The Quatermass Experiment

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The Quatermass Experiment

The Quatermass Experiment opening titles.
Running time
Country of origin UK
Original channel BBC summary

The Quatermass Experiment is a British television science-fiction serial, transmitted by BBC Television in the summer of 1953, and re-staged by BBC Four in 2005. Originally comprising six half-hour episodes, it was the first science-fiction production to be written especially for an adult television audience. Previous written-for-television efforts such as Stranger from Space (1951–52) had been aimed at children, whereas adult sci-fi dramas had been adapted from literary sources, such as R.U.R. (1938 and again in 1948) and The Time Machine (1949). It was the first of four Quatermass serials to be screened on British television between 1953 and 1979.


The serial was written by BBC staff television drama writer Nigel Kneale, who had previously been an actor and an award-winning prose fiction writer before joining the staff of the BBC. He was interested in the idea of 'science going bad', and it was this interest in science and scientific concepts that led him to write The Quatermass Experiment. The serial was an expensive one: Head of Television Drama Michael Barry had to commit the majority of his original script budget for the year to the material. Kneale famously claimed to have picked his leading character's unusual-sounding name at random from a London telephone directory.

The serial was directed by Rudolph Cartier, one of the BBC's most highly regarded directors, and transmitted live with only a few pre-filmed inserts from Studio A of the BBC's original television studios at Alexandra Palace in London. It was one of the last major dramas to be broadcast from the Palace, as the majority of television production was soon to transfer to Lime Grove Studios.

The Quatermass Experiment was transmitted weekly on Saturday nights from July 18 to August 22, 1953. Episode one (Contact Has Been Established) was scheduled from 8.15 to 8.45 p.m., episode two (Persons Reported Missing) 8.25–8.55 p.m., episodes three and four (Very Special Knowledge and Believed to be Suffering) 8.45–9.15 p.m., and the final two episodes (An Unidentified Species and State of Emergency) from 9.00 to 9.30 p.m. In practice, however, due to the live transmissions each episode overran its slot slightly, from between two (episode four) and six (episode six) minutes. The long overrun of the final episode was caused by a temporary break in transmission necessitated by a failing microphone which needed to be replaced. The dramatic theme music for the serial was provided by Mars, Bringer of War from Gustav Holst's The Planets suite.

It was intended by the BBC that each episode should be telerecorded onto 35mm film, a relatively new process that allowed for the preservation of live television broadcasts. Sale of the serial had even been provisionally agreed with the Canadian Broadcasting Corporation. In the event, however, only poor-quality copies of the first two episodes would be recorded before the idea was abandoned, although the first of these was indeed later shown in Canada. These two episodes are the oldest surviving examples of a multi-episodic British drama production and some of the earliest extant examples of British television drama at all, with only a few one-off plays surviving from beforehand.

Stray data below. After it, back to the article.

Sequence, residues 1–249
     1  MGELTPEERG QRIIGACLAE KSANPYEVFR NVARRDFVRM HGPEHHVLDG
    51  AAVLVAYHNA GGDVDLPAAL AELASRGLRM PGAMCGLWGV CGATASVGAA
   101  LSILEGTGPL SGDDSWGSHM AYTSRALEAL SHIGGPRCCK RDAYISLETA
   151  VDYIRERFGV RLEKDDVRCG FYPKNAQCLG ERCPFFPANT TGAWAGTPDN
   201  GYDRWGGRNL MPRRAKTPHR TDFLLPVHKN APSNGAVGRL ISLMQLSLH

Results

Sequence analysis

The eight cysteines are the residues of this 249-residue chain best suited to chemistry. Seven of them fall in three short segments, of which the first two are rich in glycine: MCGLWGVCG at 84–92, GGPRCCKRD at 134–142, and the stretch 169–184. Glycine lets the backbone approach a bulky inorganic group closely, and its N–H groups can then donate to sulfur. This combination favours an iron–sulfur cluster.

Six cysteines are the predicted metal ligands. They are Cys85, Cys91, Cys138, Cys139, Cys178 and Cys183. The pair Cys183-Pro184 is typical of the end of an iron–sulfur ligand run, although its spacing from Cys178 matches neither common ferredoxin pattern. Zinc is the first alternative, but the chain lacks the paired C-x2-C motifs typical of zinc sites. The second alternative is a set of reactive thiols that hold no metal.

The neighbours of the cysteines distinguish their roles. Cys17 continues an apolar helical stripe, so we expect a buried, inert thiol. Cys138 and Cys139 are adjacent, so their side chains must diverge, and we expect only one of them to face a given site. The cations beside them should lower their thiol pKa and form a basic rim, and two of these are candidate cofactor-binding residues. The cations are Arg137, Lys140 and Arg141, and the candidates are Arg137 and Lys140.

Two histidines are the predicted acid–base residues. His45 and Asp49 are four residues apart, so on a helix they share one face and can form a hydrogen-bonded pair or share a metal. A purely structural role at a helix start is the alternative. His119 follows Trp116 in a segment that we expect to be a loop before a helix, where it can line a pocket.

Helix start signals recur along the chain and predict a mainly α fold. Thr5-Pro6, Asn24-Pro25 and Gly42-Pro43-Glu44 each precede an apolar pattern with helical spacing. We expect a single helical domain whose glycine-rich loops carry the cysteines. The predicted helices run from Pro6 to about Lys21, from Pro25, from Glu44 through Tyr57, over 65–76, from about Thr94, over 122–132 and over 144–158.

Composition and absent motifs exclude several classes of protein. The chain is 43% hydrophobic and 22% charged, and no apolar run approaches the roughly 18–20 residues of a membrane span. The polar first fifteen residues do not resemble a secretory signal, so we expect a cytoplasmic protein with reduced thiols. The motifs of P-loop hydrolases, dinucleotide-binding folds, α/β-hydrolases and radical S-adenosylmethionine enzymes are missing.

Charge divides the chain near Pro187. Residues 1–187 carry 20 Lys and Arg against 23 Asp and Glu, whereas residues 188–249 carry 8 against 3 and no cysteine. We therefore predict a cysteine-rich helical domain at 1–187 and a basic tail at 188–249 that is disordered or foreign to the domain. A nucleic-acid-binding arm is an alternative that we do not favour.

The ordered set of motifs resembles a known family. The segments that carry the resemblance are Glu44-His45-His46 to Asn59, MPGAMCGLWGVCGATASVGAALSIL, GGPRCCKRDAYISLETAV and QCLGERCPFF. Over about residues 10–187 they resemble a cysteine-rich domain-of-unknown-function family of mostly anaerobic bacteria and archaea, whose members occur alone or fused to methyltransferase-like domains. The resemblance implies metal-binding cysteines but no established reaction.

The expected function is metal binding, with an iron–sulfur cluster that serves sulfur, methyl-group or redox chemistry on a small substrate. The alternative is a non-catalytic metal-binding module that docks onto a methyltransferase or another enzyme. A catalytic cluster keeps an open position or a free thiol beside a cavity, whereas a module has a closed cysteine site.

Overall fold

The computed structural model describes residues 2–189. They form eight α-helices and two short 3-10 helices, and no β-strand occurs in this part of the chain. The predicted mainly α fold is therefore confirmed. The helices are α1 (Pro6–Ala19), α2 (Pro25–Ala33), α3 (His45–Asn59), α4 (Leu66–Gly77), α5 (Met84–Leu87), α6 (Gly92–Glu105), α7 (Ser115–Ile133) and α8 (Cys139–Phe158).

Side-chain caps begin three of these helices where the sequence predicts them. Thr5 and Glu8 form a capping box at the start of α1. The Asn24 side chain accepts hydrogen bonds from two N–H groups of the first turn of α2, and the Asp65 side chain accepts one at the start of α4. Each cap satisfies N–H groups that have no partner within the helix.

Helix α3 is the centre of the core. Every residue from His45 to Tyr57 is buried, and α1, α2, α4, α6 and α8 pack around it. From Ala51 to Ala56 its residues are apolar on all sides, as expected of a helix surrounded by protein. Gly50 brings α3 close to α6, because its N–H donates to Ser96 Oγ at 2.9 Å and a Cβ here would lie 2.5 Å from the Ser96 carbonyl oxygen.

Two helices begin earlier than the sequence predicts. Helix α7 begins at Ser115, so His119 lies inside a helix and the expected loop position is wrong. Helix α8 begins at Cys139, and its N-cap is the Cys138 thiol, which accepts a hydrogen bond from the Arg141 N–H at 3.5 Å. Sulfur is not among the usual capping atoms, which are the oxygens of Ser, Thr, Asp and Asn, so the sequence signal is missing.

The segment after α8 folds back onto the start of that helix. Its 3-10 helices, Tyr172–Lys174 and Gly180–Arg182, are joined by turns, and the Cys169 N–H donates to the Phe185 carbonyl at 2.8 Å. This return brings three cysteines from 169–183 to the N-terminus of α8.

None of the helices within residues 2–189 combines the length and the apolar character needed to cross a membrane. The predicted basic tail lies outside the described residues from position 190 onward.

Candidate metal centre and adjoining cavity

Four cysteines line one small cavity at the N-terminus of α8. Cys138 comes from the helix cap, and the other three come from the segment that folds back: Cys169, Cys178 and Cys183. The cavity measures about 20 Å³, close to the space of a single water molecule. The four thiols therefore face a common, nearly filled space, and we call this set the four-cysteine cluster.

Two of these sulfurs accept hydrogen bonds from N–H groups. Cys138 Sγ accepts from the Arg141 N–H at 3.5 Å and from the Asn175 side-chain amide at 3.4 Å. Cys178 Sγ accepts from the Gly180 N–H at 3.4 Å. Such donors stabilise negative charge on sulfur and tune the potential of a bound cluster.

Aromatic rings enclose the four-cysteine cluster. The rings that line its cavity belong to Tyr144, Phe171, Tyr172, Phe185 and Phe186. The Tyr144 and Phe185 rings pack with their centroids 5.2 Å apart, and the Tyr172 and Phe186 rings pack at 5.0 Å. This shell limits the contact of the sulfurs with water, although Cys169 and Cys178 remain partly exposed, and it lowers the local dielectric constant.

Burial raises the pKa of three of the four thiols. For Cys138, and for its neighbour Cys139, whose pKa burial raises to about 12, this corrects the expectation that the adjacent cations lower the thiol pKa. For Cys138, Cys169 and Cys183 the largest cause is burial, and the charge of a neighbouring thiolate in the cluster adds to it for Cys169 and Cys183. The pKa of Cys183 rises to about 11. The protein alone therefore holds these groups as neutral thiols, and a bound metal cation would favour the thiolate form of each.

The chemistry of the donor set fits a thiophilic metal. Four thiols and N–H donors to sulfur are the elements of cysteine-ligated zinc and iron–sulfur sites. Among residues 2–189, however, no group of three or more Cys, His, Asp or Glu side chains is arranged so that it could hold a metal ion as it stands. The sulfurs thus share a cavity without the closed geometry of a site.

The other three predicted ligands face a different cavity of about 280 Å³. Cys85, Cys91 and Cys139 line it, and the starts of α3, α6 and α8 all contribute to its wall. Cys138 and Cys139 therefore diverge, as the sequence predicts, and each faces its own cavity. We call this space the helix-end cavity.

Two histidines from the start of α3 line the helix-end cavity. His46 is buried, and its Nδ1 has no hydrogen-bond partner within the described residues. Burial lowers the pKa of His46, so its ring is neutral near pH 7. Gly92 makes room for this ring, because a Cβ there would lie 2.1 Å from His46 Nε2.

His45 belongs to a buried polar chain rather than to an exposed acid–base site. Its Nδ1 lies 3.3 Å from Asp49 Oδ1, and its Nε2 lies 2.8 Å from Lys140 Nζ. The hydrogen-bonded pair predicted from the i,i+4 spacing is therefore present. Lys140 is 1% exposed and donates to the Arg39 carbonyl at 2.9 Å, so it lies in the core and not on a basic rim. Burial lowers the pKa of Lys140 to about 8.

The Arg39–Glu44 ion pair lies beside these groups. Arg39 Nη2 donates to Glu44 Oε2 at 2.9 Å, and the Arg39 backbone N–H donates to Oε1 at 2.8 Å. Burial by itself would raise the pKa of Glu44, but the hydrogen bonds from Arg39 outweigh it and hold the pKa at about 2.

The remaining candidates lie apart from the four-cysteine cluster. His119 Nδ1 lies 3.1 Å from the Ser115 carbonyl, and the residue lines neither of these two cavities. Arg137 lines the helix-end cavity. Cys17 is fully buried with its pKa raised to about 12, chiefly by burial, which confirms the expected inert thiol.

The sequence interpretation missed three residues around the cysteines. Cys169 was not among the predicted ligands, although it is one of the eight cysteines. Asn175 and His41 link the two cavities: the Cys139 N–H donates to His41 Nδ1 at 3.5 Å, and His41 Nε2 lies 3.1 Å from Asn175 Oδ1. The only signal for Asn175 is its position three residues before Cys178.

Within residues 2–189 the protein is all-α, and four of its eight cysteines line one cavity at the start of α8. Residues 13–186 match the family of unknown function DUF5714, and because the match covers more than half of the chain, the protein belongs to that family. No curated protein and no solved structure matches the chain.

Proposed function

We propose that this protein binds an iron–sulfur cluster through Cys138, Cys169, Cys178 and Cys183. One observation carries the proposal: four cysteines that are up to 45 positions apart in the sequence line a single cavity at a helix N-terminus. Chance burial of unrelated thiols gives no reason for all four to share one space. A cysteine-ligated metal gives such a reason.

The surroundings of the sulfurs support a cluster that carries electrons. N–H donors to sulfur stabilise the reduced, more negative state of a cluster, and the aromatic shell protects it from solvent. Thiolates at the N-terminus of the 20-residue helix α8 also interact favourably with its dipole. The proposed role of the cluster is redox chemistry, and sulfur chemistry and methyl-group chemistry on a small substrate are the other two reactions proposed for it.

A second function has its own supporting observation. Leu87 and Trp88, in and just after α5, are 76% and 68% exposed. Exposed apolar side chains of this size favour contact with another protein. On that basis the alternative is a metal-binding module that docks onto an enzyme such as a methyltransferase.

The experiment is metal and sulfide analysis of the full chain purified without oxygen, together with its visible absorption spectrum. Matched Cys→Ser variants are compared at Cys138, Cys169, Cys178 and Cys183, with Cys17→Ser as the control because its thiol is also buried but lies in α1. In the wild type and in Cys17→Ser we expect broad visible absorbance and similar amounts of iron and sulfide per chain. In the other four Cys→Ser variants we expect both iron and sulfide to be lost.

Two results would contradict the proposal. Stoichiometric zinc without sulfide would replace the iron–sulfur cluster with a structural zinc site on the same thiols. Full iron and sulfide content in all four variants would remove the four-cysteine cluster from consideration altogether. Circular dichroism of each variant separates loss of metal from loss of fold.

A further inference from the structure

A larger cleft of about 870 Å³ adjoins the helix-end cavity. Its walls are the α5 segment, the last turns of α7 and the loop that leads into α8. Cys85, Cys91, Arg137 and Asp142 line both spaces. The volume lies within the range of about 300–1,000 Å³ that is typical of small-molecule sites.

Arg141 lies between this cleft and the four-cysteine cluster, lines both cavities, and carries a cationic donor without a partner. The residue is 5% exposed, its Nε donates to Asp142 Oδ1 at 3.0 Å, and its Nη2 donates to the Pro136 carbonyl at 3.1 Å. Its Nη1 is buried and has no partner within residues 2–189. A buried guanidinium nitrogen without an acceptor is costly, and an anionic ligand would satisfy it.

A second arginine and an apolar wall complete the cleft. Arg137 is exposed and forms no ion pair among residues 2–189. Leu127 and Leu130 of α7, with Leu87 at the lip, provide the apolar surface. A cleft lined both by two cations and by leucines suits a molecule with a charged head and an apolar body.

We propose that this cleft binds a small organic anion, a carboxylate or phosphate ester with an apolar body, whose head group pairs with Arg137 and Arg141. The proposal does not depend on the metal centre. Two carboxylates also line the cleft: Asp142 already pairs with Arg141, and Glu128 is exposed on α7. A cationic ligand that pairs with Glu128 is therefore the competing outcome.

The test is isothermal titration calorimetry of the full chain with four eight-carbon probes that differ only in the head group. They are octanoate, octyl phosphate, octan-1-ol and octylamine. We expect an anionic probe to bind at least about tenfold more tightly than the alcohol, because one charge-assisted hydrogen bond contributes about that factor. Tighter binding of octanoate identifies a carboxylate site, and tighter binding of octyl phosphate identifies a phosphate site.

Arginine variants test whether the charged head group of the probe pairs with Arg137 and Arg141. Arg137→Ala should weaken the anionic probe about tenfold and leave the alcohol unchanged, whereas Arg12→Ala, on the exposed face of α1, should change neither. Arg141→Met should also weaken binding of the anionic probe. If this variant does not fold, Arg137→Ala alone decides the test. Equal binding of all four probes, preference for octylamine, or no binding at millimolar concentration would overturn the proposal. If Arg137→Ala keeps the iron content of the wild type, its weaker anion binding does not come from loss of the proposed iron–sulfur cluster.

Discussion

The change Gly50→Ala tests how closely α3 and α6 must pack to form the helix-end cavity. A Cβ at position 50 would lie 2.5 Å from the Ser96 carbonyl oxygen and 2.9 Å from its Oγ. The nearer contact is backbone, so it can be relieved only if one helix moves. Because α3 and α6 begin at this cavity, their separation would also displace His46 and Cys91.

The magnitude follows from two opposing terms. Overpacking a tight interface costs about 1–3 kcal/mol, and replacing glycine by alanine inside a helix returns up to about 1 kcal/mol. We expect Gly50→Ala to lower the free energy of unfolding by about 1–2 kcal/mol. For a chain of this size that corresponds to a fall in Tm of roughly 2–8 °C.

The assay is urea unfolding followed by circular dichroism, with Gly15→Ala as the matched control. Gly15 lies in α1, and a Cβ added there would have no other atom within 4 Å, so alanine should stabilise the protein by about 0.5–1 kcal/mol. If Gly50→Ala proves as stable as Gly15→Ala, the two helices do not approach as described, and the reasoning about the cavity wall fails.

The story revolves around Professor Bernard Quatermass, head of the British Experimental Rocket Group, and begins with him anxiously awaiting the return to Earth of his experimental rocket ship and its crew, who have become the first humans to travel into space. The rocket is at first thought lost, having dramatically overshot its planned orbit, but eventually is picked up on radar and returns to Earth, crash-landing in Wimbledon, London.

When Quatermass and his team reach the crash area and succeed in opening the rocket, they discover that only one of the three crewmen, Victor Carroon, remains inside. Quatermass and his chief assistant Paterson ( Hugh Kelly) investigate the interior of the rocket, but are baffled by what they find. The space suits of the others are present, and the instruments on board indicate that the door was never opened in flight, but of the other two there is no sign.

Carroon is gravely ill, being looked after by the Rocket Group's doctor, Briscoe ( John Glen), who unknown to him has been having an affair with his wife, Judith ( Isebel Dean). It is not just Quatermass who is interested in what happened to Carroon: the newspapers and Scotland Yard's Inspector Lomax are also keen to hear his story. Carroon is abducted by a group of foreign agents whose government wants the information they believe he has obtained about travelling in space, but it is clear that there is something very wrong. He seems to have somehow absorbed the consciousnesses of the other two crewmembers, and is himself slowly mutating into some hideous creature.

As the police chase the rapidly transforming Carroon across London, Quatermass analyzes samples of the mutated creature in the laboratory, and realizes that it has the ability to end all life on earth. A television crew working on an architectural program spots the monster in Westminster Abbey, and Quatermass and the army rush in to destroy it in the last hour before it brings about doomsday.

Cast and crew